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Yep, it feels like the end of the world. But this is the time for business leaders to make educated decisions about the direction their companies are going to take during the COVID-19 downfall – and hopefully come out on top when we come out the other end of this thing. To help do this, we have developed scenarios to outline the direction and duration this crisis and its recovery can unfold.
Scenarios are a common and powerful tool to navigate extreme cases of uncertainty. It does so by developing a finite number of potential outcomes, in each explaining the underlying factors that would lead to the different potential futures.
Below we’ve outlined three possible scenarios of how the world is likely to change over the next year. Each scenario explains the main assumptions regarding the progression of infection and the continued travel restrictions (domestic and international) and economic implications.
The three outlined scenarios are intentionally written in the macro level and is the basis for specific industry and sector analysis. We are currently building industry playbooks for each scenario, so please contact us to find how these will affect your business.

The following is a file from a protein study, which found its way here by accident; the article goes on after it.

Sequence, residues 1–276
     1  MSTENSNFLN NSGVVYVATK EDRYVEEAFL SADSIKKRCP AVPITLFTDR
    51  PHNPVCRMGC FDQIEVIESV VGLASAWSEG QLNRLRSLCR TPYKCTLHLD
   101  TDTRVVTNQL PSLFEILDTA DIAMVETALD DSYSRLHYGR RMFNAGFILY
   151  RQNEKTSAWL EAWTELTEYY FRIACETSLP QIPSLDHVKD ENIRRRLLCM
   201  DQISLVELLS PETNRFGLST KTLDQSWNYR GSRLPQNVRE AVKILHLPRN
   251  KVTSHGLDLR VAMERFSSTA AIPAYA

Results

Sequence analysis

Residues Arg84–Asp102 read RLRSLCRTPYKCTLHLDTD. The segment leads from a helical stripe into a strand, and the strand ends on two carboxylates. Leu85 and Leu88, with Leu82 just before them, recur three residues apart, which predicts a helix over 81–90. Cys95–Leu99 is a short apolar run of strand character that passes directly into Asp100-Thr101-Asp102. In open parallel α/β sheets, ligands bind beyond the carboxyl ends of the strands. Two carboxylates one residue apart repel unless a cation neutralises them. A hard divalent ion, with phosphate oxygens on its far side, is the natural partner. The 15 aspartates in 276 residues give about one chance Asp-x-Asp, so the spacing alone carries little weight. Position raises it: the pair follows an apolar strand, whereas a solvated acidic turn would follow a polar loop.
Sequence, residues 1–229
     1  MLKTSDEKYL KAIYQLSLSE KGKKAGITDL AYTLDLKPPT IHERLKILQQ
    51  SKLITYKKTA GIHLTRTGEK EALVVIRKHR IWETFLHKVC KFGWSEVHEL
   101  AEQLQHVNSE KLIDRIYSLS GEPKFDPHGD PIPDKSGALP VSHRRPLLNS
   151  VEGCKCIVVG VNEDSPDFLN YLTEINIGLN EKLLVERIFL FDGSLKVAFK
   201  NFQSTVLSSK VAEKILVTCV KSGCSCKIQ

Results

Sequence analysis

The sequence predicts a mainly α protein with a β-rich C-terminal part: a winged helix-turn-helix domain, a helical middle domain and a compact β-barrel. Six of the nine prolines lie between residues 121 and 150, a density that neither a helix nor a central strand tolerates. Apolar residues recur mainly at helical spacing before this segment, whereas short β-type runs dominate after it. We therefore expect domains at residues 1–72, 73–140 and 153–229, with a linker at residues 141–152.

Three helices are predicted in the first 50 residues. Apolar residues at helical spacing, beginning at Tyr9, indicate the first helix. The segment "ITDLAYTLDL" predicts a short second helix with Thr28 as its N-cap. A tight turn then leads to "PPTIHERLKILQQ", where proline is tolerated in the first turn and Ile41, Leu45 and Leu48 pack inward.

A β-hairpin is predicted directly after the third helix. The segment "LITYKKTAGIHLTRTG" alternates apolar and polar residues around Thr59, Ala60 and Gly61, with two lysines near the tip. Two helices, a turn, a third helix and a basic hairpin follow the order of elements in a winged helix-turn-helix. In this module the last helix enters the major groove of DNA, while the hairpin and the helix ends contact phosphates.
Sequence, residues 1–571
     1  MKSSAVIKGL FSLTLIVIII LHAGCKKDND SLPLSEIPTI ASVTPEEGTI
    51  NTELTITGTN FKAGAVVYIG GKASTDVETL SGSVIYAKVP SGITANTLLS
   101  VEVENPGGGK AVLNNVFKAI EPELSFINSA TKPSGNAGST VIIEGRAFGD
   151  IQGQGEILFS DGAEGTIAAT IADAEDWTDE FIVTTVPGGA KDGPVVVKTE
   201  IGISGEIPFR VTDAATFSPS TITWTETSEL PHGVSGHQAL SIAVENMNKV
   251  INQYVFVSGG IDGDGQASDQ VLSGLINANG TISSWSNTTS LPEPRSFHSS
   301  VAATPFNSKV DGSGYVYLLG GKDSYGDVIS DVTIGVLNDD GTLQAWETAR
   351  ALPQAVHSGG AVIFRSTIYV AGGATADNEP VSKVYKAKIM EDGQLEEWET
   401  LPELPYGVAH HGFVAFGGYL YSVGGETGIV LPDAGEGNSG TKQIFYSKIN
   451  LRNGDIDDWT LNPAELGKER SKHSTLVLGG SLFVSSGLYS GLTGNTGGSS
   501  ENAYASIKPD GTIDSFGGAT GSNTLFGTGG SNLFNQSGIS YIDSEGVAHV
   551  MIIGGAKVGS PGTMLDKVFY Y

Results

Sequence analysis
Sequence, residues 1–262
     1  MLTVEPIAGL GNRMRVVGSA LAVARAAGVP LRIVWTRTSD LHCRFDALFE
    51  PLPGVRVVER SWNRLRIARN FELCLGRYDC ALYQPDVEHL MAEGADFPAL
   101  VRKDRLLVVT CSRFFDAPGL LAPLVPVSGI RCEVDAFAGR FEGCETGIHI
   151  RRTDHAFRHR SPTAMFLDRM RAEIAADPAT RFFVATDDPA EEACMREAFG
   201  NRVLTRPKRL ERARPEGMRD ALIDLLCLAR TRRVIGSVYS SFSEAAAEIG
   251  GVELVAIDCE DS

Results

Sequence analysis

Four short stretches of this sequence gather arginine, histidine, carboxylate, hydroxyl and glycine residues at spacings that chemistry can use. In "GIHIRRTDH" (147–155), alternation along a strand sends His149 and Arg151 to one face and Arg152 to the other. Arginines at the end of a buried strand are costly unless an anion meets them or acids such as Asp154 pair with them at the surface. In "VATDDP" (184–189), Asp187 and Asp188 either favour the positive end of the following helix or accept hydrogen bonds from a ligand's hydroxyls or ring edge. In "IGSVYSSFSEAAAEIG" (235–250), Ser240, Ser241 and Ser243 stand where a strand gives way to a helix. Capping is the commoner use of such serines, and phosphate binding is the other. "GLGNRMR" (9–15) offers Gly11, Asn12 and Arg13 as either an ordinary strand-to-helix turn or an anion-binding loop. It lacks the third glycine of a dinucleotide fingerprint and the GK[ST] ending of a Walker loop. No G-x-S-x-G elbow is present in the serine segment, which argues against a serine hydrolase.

The US experiences a peak in cases in May. Number of new cases begins to drop by late May and halts by mid-June. Countries maintain different levels of travel and gathering restrictions to avoid resurgence. Led by the airline industry and low consumer spending, level of bankruptcies soars, and unemployment rises. Financial institutions are under pressure. Genuine recovery is only visible in Q1 2021. US annual GDP for 2020 contracts by 3.5% and 2.5% in Europe.
By mid-April, US and European governments efforts to slow down new cases bear fruit. Global scientific cooperation is able to produce effective treatment options, reducing significantly the duration and severity of the disease. By the end of April western governments ease local quarantine measures. International travel is still limited through Q2, yet domestic and some international routes reopen. Q2 consumer spending significantly drops resulting in an annual 1.5% contraction of GDP in the US and 2% in Europe. Yet, decisive government monetary policies are effective in easing financial hardship, leading to a full recovery by Q4.
Similar to the Realistic scenario, in this case the US experiences a peak in cases in May. Longtail of cases creates a resurgence of outbreaks throughout the world, forcing governments to place areas under quarantine and maintain travel restrictions through most of 2020. Led by the airline industry and low consumer spending, level of bankruptcies soars, and unemployment rises. All of this feeds through a self-reinforcing downward spiral. 2020 GDP contracts significantly in most major economies continuing into Q1 2021.